Bath of light and colors. Arab musicians play the bendir. The sun pierces the skin of their instrument, reddens their nails, digs mauve-blue shadows. This large format canvas contains all the art of the Doubian traveling painter Paul-Élie Dubois (1886-1949). It is part of the retrospective dedicated to him by the museum of the castle of the Dukes of Württemberg, in Montbéliard (Doubs). Dense, the exhibition reveals the influences of this relentless and demanding worker. But also the richness of his work, too long remained in the shadow of his portraits of Tuareg warriors, made in 1928 in Hoggar, a region in southern Algeria, during a scientific exploration mission. Hailed from 1920 by his peers, critics and the public, he was then somewhat forgotten outside his country.
Often described as an orientalist because of the subjects that made him famous, Paul-Élie Dubois flirts with many artistic movements of the 20th century: post-impressionism, nabi, fauvism… However, constants remain in his painting. On the one hand, a deep rootedness in his native land of Franche-Comté. He returns regularly to the “country” and paints all his career landscapes and local inhabitants, as well as his family. On the other hand, a taste for contemplation, solitude and spirituality, perceptible in his representations.
Barbara Gouget, deputy director of the museums of Montbéliard, links him to his strict Protestant darbyst* upbringing. It is therefore not surprising that the desert, surveyed until 1948, neither frightened nor destabilized him. Above all, his meticulous restitution of light and color invades all his canvases, whether it is a bed of wild daisies, a portrait of his bedridden father, bereaved women, the sun shining on the villa Abd- el-Tif of Algiers. A singular approach that his colleagues detected in 1904, when he was only a student landed in Paris. This mastery has become his signature, and a source of enchantment for visitors treading the floor of the museum.
* Literalist movement stemming from Anglicanism.
And also… Neapolitan slices
Between sea and volcanoes, Naples is a vibrant crossroads of contrasts. His painting, by turns dark and colorful, is in the spotlight this summer in two exhibitions, “Naples for passion. Masterpieces from the De Vito collection”, at the Granet museum in Aix-en-Provence (Bouches -du-Rhône) and “Naples in Paris. The Louvre invites the Capodimonte Museum”. With Bellini, Titian, the Parmesan, Caravaggio… In the Grande Galerie, dedicated to Italian painting, we witness an impressive comparison of the invited works and those of the Parisian museum.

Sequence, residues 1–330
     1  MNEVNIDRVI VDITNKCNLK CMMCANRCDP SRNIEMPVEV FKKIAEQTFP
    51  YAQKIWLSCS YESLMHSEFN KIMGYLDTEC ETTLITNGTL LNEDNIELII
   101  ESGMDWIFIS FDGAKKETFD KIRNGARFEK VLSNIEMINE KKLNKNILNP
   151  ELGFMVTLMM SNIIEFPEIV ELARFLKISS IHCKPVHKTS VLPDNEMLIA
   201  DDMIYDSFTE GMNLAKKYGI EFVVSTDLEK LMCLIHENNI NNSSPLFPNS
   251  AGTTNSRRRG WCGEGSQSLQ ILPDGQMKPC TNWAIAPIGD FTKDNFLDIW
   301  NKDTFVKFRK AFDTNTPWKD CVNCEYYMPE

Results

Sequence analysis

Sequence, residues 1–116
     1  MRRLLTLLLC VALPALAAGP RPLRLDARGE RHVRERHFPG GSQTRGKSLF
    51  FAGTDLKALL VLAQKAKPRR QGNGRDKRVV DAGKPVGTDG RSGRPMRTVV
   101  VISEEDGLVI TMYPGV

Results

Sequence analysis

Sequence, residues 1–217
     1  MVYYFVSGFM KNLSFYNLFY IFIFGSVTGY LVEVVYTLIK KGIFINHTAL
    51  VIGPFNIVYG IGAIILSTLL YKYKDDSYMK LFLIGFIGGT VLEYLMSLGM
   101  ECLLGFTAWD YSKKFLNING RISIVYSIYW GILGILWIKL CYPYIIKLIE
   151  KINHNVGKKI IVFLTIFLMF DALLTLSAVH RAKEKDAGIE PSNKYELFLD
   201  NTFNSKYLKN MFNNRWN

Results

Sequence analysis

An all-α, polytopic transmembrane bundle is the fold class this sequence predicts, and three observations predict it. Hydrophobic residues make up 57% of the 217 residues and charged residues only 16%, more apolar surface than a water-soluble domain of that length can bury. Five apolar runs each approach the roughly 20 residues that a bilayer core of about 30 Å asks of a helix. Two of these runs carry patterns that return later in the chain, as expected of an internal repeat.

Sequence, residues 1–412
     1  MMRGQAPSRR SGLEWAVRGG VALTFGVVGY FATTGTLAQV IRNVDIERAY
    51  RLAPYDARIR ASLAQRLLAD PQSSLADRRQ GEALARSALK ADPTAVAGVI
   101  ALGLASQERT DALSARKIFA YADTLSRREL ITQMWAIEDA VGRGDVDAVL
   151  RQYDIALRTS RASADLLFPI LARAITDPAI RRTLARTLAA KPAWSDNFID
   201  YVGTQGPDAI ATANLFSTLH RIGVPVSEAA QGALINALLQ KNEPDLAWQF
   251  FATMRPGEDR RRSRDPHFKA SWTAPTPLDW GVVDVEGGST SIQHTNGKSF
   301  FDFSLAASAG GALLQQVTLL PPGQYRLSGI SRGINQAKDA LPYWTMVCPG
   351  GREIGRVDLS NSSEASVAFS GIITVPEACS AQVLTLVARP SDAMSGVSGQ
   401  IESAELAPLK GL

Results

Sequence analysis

By Caravaggio – who stayed only briefly in the capital of the Spanish viceroys – we can thus admire the dramatic Flagellation (1607). Above all, his emulators are represented, such as Artemisia Gentileschi with her Judith decapitating Holofernes or Jusepe de Ribera, whose Apollo and Marsyas represent the dread of the satyr dismembered by the god. These terrible stagings in chiaroscuro in no way obscure the other side of Naples, with in particular Luca Giordano, with Rococo lightness: surrounded by clusters of winged-head poupines, and under a canopy, his Our Lady of the Rosary (circa 1685) is one of the most popular Madonnas of the Neapolitans. The exuberant still lifes by Luca Forte or Giuseppe Ruoppolo still express the delicacy of this transalpine Midi. Sean Rose
At the show at Bonnard
The Troupe of Mlle Églantine immortalized in the middle of the French cancan by Toulouse-Lautrec or the acrobat balancing on a horse from the Cirque by Georges Seurat: the Bonnard museum celebrates the era of entertainment which opens at the Belle Époque with the works of several contemporary artists of Pierre Bonnard, evoking a theater, cabaret interior, café… delights of modern life. This beautiful work in a singular format is the subject of an exceptional loan. SR